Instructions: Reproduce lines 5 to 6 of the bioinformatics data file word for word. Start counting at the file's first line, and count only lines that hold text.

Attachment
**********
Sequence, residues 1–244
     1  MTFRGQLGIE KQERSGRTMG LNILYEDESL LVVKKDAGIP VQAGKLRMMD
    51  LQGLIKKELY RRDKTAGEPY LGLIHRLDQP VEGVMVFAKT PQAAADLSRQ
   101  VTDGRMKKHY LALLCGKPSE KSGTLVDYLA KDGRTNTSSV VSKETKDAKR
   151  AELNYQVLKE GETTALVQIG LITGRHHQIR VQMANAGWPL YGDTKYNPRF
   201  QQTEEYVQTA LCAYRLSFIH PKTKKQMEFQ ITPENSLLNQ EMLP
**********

   151  AELNYQVLKE GETTALVQIG LITGRHHQIR VQMANAGWPL YGDTKYNPRF
   201  QQTEEYVQTA LCAYRLSFIH PKTKKQMEFQ ITPENSLLNQ EMLP